path
and any detection site form a loop, or where the reaction path and any
detection site
do not form a loop (e.g., a linear path) and the reaction droplets/volumes are
moved in
the opposite direction along the same path to return them to the beginning of
the same
reaction path.
[0046] Multiple reaction volumes/droplets may be simultaneously moved
through
the microfluidics apparatus. In addition, multiple reaction paths may be used
having
multiple reaction volumes/droplets.
[0047] In one particular embodiment, the device comprises multiple
reaction
paths, at least one detection site either in or after one of the reaction
paths, and at least
one return path. In such embodiments, when one return path is used, the
multiple
13

CA 02606750 2013-03-01
reaction paths, the at least one detection site, and the return paths may be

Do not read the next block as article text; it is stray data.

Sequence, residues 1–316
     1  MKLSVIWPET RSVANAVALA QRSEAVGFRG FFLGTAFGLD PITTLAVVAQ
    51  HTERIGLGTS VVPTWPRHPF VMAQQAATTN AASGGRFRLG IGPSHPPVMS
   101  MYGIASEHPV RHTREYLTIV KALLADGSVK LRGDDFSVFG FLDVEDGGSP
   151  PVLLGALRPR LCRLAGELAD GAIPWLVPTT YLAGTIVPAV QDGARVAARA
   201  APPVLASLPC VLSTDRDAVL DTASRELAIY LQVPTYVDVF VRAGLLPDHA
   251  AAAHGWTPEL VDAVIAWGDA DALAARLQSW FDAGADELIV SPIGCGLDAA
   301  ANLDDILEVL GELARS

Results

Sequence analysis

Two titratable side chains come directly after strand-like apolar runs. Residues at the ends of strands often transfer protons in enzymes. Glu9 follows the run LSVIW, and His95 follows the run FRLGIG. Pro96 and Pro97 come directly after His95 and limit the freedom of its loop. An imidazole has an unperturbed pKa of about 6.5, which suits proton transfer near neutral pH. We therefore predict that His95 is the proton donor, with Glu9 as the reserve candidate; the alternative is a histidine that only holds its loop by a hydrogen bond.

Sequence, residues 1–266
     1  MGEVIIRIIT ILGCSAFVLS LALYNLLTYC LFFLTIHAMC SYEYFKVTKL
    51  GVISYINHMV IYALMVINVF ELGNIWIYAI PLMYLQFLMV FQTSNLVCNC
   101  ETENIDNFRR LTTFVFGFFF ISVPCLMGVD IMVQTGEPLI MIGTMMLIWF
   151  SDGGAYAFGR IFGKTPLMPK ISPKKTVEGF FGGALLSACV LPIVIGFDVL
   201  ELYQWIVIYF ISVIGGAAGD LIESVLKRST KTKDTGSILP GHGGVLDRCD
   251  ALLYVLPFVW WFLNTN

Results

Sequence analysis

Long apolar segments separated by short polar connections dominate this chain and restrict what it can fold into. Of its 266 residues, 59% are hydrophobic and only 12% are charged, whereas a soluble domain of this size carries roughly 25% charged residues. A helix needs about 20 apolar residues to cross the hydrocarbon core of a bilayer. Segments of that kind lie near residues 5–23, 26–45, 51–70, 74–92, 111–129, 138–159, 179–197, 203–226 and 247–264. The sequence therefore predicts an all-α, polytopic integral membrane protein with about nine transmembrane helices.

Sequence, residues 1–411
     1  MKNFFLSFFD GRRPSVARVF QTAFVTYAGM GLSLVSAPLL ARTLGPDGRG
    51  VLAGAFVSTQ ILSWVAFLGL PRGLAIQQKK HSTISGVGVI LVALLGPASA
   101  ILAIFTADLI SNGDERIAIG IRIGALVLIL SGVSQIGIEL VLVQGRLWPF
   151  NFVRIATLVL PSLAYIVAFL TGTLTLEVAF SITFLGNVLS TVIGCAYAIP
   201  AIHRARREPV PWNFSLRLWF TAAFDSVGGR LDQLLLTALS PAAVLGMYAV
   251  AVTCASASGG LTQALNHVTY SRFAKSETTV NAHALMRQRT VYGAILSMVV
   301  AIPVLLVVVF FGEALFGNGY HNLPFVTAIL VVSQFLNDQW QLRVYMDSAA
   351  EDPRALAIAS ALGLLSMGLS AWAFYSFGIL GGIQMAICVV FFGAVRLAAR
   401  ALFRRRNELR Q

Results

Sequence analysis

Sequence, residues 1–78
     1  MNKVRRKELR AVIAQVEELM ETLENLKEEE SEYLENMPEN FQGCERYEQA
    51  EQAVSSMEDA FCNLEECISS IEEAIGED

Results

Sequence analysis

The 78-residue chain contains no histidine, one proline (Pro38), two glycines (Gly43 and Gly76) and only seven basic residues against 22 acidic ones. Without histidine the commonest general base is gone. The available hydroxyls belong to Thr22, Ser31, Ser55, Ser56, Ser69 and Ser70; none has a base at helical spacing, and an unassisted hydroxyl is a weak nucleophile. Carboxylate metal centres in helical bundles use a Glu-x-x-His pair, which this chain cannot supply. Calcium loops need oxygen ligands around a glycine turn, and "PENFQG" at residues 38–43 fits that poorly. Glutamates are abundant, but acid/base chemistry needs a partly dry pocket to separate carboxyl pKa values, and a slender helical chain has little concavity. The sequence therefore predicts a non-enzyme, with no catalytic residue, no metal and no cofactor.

fluidly
connected to form a loop. When multiple return paths are used, multiple loops
may
be formed.
[0048] As also described above, the methods of conducting chemical or
biochemical reactions that require multiple reaction temperatures comprise
providing
at least one reaction droplet/volume to a microfluidics apparatus described
herein and
then conducting the reaction by moving, using any actuation means, the at
least one
reaction droplet/volume through the at least two reaction zones. The at least
two
reaction zones are maintained at the different temperatures needed for the
reaction. If
desired, the reaction may be repeated with the same reaction droplet by again
moving,
using the actuation means, the at least one reaction droplet through the at
least two
reaction zones. Such repetition may be desired where multiple reaction cycles
are
needed or preferred for a particular reaction.
[00491 The scope of the claims should not be limited by the preferred